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Minimum 24-year term for IS-inspired murderer of Rochdale imam

Published 16/09/2016

Jalal Uddin was bludgeoned to death in Rochdale
Jalal Uddin was bludgeoned to death in Rochdale

A former Manchester United steward has been jailed for life for the IS-inspired murder of an imam.

Mohammed Syeedy, 21, was consumed by hatred of Jalal Uddin, 71, because he practised a form of Islamic healing in Rochdale's Bangladeshi community which the terror group consider "black magic".

Syeedy acted as getaway driver for another man, Mohammed Kadir, 24, who bludgeoned Mr Uddin to death in a children's play area on the early evening of February 18, Manchester Crown Court heard.

Kadir fled the UK three days after the killing and it is thought he may now be in Syria.

Syeedy held his hands to his face in shock after the foreman delivered the verdict after about four hours of jury deliberations.

He later shook his head several times with his face covered as he sat down.

High Court judge Sir David Maddison handed him a life sentence, with a minimum term of 24 years.

The judge said Mr Uddin was a "gentle, well-respected man" who was attacked and "brutally" killed because he practised Ruqya faith healing.

He told Syeedy: "You and your co-offender saw the practice as a form of black magic that could not be tolerated within Islam."

Defenceless Mr Uddin was dealt at least five savage blows from behind with a hammer, shortly after he entered the park in South Street, Rochdale.

The swift and ferocious attack smashed his skull and drove a piece of bone into his brain.

Their victim was targeted after it was discovered he was providing "taweez", in which he made amulets to bring good fortune to the wearer.

Syeedy was involved in months-long surveillance of Mr Uddin and along with Kadir stalked their prey after he left the Jalalia Mosque to go to a friend's house for an evening meal

The Crown said Syeedy was a "knowing participant" in the murder, and his claim that he had no idea what IS supporter and ex-John Lewis call centre worker Kadir planned and then carried out, was "absurd".

The judge concluded Syeedy was aware Mr Uddin would be seriously injured "as to disable him permanently to prevent him practising Ruqya, through taweez, ever again".

And he said he was satisfied Syeedy had run into his home in Ramsay Street, Rochdale, to grab the murder weapon in a "carefully planned" plot.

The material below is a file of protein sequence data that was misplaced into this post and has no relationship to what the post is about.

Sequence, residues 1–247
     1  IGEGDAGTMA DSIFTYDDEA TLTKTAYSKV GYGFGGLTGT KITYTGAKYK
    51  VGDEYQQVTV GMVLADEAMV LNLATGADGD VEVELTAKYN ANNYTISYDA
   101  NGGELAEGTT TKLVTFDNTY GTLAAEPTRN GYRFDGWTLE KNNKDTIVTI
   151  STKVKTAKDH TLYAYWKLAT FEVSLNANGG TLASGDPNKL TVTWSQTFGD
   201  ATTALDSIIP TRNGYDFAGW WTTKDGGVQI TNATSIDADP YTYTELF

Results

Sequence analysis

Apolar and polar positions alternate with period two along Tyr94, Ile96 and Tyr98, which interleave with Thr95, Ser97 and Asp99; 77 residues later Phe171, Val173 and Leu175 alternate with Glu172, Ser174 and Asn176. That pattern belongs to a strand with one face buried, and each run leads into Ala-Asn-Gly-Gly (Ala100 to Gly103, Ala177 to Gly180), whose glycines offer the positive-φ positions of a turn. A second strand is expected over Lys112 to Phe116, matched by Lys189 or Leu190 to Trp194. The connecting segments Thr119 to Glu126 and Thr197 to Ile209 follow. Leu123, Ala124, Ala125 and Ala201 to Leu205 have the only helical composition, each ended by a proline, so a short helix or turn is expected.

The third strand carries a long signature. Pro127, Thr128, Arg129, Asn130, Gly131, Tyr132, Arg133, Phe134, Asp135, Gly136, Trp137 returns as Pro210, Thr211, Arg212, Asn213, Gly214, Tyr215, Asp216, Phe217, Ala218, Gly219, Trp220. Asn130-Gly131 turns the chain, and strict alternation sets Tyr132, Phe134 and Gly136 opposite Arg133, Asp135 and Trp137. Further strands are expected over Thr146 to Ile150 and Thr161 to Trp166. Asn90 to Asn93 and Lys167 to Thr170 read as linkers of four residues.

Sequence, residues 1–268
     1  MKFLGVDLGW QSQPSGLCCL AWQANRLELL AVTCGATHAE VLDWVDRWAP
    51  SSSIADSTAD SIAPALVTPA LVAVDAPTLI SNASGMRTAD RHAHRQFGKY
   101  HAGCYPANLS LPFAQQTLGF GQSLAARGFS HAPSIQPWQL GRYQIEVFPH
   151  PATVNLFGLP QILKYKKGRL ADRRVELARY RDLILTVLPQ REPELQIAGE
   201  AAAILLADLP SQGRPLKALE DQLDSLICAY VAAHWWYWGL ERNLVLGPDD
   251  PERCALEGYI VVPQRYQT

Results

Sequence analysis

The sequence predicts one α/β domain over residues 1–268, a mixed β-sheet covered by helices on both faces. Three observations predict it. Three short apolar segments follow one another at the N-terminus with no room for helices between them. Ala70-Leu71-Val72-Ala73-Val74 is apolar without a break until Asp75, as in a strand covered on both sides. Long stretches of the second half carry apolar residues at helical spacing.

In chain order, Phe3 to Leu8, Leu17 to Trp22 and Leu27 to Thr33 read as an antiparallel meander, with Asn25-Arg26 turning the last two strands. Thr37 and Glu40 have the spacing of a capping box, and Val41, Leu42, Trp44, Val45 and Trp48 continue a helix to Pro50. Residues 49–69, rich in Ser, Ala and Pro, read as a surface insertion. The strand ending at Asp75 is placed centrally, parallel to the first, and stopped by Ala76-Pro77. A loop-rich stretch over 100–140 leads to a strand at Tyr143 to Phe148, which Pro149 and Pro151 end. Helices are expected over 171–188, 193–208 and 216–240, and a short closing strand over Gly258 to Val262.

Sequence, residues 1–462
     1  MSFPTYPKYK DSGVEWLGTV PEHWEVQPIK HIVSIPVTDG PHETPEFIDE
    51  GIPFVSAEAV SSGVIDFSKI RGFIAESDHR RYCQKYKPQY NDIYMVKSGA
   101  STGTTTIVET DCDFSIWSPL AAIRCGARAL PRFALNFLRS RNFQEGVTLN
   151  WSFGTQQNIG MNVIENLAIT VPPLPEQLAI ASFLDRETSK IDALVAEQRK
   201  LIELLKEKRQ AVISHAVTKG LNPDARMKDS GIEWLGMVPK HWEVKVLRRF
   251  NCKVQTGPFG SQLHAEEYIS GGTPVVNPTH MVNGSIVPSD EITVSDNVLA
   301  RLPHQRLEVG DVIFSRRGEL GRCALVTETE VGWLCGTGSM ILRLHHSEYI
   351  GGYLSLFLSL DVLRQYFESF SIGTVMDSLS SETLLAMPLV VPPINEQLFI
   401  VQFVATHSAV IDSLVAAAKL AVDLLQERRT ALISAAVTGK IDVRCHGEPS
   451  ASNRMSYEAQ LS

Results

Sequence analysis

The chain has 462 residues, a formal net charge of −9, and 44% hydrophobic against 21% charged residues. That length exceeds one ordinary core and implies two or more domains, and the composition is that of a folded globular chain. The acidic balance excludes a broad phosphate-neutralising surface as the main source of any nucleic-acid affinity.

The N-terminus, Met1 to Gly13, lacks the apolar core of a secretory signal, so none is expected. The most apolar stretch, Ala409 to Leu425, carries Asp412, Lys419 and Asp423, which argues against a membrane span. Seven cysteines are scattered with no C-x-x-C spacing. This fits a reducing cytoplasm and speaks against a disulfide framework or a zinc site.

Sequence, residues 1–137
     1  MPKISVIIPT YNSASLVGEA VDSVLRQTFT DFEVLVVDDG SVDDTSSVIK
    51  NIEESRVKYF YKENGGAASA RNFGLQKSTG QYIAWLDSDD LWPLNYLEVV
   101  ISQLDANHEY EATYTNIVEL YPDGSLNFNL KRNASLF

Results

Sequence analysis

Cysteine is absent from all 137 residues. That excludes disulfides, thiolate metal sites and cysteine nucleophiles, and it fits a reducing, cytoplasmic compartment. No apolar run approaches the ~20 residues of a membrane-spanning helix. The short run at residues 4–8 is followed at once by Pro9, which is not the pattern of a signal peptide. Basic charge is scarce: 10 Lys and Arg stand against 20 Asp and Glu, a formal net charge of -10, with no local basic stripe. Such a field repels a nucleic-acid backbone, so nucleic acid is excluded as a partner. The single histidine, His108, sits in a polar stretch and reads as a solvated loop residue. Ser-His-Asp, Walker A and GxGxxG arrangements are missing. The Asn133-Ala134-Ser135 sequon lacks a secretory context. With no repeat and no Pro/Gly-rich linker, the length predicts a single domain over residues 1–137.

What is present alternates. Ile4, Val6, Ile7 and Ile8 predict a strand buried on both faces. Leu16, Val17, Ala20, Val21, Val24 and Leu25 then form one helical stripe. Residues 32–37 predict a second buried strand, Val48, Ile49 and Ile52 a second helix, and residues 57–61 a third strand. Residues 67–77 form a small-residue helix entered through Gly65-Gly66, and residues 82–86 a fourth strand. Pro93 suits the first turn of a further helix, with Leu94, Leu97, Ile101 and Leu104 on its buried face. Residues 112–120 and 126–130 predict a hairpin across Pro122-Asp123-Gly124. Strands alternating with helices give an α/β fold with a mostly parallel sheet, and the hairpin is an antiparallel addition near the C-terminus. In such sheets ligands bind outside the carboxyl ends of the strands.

Sir David told the defendant: "So slick was this operation that only some 90 seconds passed between the killer getting out of the car, approaching Jalal Uddin, killing him, and then proceeding to the other side of the park, where you picked him up.

"The evidence in this case, to my view, established that you have an interest in jihad, in the sense of armed violent struggle by extremists.

"It is quite plain that you have a strong dislike of the use of taweez."

The judge said there was "no significant" evidence to be certain that he was an active supporter of IS.

In fixing the length of sentence, he said: "I take in to account you were not the actual killer, but it seems to me you were an obviously integral part to the commission of this offence, and it could not have been committed without your involvement."

In a victim personal statement read to the court, one of Mr Uddin's seven children said "the pain and void that has been left with his death has been unbearable".

Saleh al-Arif said his father was "a distinguished Islamic scholar" who had moved to the UK in 2002 to help provide for his family back home.

He began teaching the Koran to children in east London, before moving to Birmingham and then to Rochdale where he became an imam at the Jalalia Mosque.

He said: "He was a devout pacifist and shared love to all he came across. I cannot begin to understand why anyone would want to murder him."

Describing his visit to Oldham mortuary to see his father's body, he said: "I was denied the most basic right, to kiss my father's face, because of this cowardly and horrific attack."

In a statement issued by police, his family added: "Weeks prior to his murder, Jalal had intended to return to Bangladesh and be reunited with his wife, children and grandchildren, whom he had not seen for some 15 years, in which time he had dedicated his life to selflessly serving his family, trying to make ends meet.

"Although Jalal was a Muslim who peacefully practised his faith, he had a love and respect for all religions, cultures and creeds, and the fact that he was murdered by someone inspired by Isil shows the true nature and barbarity of this organisation and those who serve it."

Although Kadir, formerly of Chamber Road, Oldham, remains at large, police did not issue a photograph of him.

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